6 Easy St Patrick’s Day Drinks
My junior year in college I decided to take a summer semester at Trinity College in Dublin, Ireland. Not only was I going to get 6 credits, 3 for Irish History and 3 for Irish Literature, the Professor was going to take us to some of the historical sites in Ireland. Besides visiting places like the Boyne Valley, Glendalough, Galway and Killarney, I found 5 of the best traditional Irish drinks to serve during St Patrick’s Day, Guinness, Black & Black, Baileys, Baby Guinness and Irish Whisky & Cranberry. If you noticed, my post states that there are 6 easy St Patrick’s Day recipes, but 1 of them, the Irish Car Bomb drink, I did not discover in Ireland, but right here at home :o)
Of course, my first stop was Trinity College, Dublin, Ireland. We arrived in Dublin early in the morning, after taking an evening flight out of Newark, NJ. We were all too excited to sleep on the plane and were paying the price for it now. Our first thought was to sleep a bit, but the city got the best of us, so we headed to the Trinity library to see the book of Kells. The Book of Kells is a 9th century manuscript, featuring an exquisite combination of ornate Latin text and intricate illustrations. It is a must see if you are in Dublin. After the library we roamed around Dublin and made a stop at the Guinness Storehouse where they give you a taste from the Guinness factory.
Later that evening we met up with the Professor and the other students from Sacred Heart University and headed out to dinner at a local restaurant. We heard that one of the famous Northern Ireland bands, the Wolftones, were playing in Dublin so after dinner we headed to a pub for traditional Irish music. It was here that I first learned about the Black & Black.
Do you remember the first time that you tried Guinness? I do! I thought it was just terrible, so the Bartender picked up a bottle of purple liqueur and swirled it into my pint of Guinness. I thought, this is different and good, this is a Black & Black. It was there in Dublin that I acquired the taste for Guinness. Ok, it started out a bit slow, but years later I no longer need the Black Current Liqueur swirled on the top of my beer. And don’t forget Baileys Irish Cream, one of my favorite creamy cocktails on ice, in coffee, or mixed with so many other liqueurs.
Over the next couple of days, I attended lectures at Trinity, and in the evenings, we went to both the Abbey Theatre and Peacock Theatre, enjoying the shows that were in production at the time. Our first outing was to the Dublin Horse Show and the following day we headed to the Boyne Valley stopping at Tara, Newgrange and Trim Castle. Then on to Monasterboice visiting Muiredach’s Cross, St Kevins’s Church and a local pub. It was here that I learned how to make a Baby Guinness. It’s called a Baby Guinness because it looks like a shot of Guinness, but it is actually a shot of Kahlua with Baileys floated on top. Delicious!
We spent the rest of the summer semester in lectures and hanging around Dublin. If you had to take a summer semester, Dublin is the place to be. When we wrapped up our classes, we decided to spend a couple weeks seeing the countryside. We headed south to county Cork, because I didn’t want to visit Ireland and not kiss the Blarney stone. Yes, I did kiss the stone. In those days you never thought about kissing a stone and catching Covid, you just kissed the stone for good luck.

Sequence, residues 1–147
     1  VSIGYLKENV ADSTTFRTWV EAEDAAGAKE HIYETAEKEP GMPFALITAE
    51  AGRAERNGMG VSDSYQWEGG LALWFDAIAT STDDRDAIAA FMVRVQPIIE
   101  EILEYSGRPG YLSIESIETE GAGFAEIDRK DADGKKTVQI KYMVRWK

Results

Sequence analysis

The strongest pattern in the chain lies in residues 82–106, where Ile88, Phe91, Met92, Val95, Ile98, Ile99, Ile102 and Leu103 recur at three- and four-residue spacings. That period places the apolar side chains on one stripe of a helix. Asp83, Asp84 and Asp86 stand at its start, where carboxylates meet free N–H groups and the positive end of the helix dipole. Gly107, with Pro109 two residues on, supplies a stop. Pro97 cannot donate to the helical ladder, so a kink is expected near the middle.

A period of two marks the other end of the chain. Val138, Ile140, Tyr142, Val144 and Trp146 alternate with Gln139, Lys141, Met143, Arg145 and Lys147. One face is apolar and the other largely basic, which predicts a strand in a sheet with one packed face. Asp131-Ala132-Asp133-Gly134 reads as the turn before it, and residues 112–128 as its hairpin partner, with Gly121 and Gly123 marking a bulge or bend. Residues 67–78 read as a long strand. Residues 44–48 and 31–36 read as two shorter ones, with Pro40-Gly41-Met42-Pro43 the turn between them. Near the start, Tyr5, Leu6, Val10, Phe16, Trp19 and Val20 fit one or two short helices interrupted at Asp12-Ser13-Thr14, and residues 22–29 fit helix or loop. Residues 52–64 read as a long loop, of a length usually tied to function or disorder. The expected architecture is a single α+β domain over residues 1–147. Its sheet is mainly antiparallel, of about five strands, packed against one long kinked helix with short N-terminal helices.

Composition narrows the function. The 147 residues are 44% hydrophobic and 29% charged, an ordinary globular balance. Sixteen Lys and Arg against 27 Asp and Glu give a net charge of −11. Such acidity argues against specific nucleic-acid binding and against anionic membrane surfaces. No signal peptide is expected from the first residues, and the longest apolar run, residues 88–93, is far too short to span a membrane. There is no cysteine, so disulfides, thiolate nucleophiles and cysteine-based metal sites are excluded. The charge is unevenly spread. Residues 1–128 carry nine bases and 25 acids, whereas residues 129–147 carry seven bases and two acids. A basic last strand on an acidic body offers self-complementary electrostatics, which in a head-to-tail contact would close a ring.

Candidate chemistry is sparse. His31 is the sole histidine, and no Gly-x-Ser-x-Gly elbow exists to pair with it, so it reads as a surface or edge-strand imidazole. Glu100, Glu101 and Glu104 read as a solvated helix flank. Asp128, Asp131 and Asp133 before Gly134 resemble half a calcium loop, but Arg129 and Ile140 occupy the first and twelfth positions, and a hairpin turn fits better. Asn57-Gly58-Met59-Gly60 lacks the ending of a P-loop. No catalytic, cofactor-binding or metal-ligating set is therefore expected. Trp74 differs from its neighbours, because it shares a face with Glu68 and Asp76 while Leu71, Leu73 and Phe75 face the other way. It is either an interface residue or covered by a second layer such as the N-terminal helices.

Somehow my friend and I ended up in Killorglin one late afternoon and it happened to be the annual Puck Fair. During 3 days in August, people gather in Killorglin to celebrate the crowning of King Puck, a goat from the mountains. As strange as it sounds this is the essence of Puck Fair, where a goat is crowned as king of the Killorglin and hoisted onto a platform 30ft in the air, while the town celebrates by singing and drinking, a tradition that dates back centuries. If you look closely, there is a goat on the top of the scaffold, and it looks as if he is wearing a green colored crown. It was here that I had my first Irish Whiskey & Cranberry……first, but not last. We were enjoying the friendly party atmosphere, crowds of people and headed into our next pub. There we met two handsome Irish blokes and exchanged our life stories over drinks. It was a good night, and we enjoyed the company of our new friends.
The next day we saw this beautiful rainbow and thought, let’s find the two guys we met the night before. They said they lived in Rathmore, so we figured it couldn’t be that hard to find them. We got into our rental and started driving, and driving, and driving. It wasn’t long before we realized we were lost, in the middle of the country with a bunch of cows. Needless to say, I needed a restroom, but I hadn’t seen one in hours. We pulled over, I walked behind a stone wall, and during that time, I heard a vehicle. Of course, Murphy’s law. We hadn’t seen a car in hours, but now one pulls up. I hurried up and tried to act nonchalant as I walked out of the field. You’ll never guess who had pulled up?! Ok, you are right. It was one of the guys from the night before and the younger brother of the other. We tried to explain what we were doing in Rathmore but no matter what we said, we just made it worse. They were laughing. But the story ends well. They invited us to a local pub, told all of their family and friends to come meet us, and we had the best evening of our trip to Ireland.
Thank you, Patrick and John, for inviting us to the Pub that night and introducing us to your family and friends. I know this picture was taken a long, long time ago but I remember the evening like it was yesterday.
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